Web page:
In a reflection of our maturity, research and evaluation are now routinely required by public relations investment underwriters. As a result, the question of “should we measure?” has been supplanted by “how much should we spend to measure?”
The conventional wisdom of marketing and communication has long governed that “ten percent for research” is the right number, a number which, by the way, is several times greater than the average. But, like so many imperatives, the ten percent rule is a myth. The fact is, the proper allocation depends entirely on your situation.
Consider the following scenarios:
- If you are launching the next game changer i.e. iPad. 20 percent in the prelaunch phase may not be enough Alternatively, if you’re simply milking a dying brand, 1% may be too much
- If your Fortune 500 company holds an $80 million PR budget, 3% of your annual budget may be more than you need. But a small-budget brand may be more affected by the actual dollars required, rendering percentages meaningless.
- If you prioritize PR over other forms of marketing, 10% may be just right. On the other hand, the organization that emphasizes advertising might enable a lower budget for PR research
While budgeting depends on a given set of circumstances, blindly following the “conventional wisdom” will almost certainly lead to problems. Consider the following considerations for determining your PR research budget:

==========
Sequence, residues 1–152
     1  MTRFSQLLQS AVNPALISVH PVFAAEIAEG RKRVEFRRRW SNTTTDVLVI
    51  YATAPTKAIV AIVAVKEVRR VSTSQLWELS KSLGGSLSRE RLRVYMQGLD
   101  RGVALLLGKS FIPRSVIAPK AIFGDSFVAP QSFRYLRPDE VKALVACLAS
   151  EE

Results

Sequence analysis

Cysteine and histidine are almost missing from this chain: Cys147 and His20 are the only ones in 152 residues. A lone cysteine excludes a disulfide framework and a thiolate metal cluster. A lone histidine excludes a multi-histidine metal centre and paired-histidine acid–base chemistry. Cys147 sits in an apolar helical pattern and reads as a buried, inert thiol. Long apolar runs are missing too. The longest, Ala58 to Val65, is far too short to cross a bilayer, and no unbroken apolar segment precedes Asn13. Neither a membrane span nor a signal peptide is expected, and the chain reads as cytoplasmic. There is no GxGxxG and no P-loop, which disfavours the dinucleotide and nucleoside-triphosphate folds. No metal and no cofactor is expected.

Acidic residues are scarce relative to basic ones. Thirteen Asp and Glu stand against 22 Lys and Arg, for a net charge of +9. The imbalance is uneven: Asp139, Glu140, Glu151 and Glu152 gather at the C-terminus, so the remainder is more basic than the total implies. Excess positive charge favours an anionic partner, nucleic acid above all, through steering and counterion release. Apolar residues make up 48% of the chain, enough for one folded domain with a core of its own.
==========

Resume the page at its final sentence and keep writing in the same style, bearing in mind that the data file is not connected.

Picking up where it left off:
1. What are your organization’s objectives? Relate your PR activities and research investments to the ways by which your programs support the organization’s overall objectives.
2. What other departments will be affected by your research? Determine the potential impact, if any, on other departments.
3. What other research programs are currently under way? Make sure you know whether coincidental initiatives—marketing and communication research programs, for example—are in process. It’s essential to know what else might be in play and how these initiatives may affect one another in terms of research objectives, scope and budget.
4. How will you use what you learn? While you may not know in advance exactly what your research will reveal, it is wise to have a strong hypothesis to focus attention and resources. Knowing what you want to learn improves the likelihood that you will achieve your goals and achieve the greatest returns.
5. Who are your internal clients and how do they feel? Often, the most meaningful determination of success or failure resides with the executives who provide funding. Understanding their expectations and preferences for planning and evaluating is essential. Establish (and get clear agreement on) the measures by which your success will be determined so that your PR programs are researched, planned and evaluated with those goals in mind.
Research is a core element in public relations but it need not be mysterious, expensive or complicated. One way to ensure that your PR research arrives on time, on budget and yields the right results is to create organizational—rather than conventional—wisdom by recognizing your aspirations and limitations before the first dollar is spent.
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Mark Weiner is CEO of PRIME Research Americas, a research-based consulting firm combining talent with tools to serve clients through our network of analysis hubs in the USA, Brazil, Uruguay, Great Britain, Switzerland, Germany, India and China. Visit www.prime-research.com or contact Mark at firstname.lastname@example.org. Make plans now to attend the 2011 PRIME Research and IABC Global Strategic Communication and Measurement Conference, November 2-4 in New York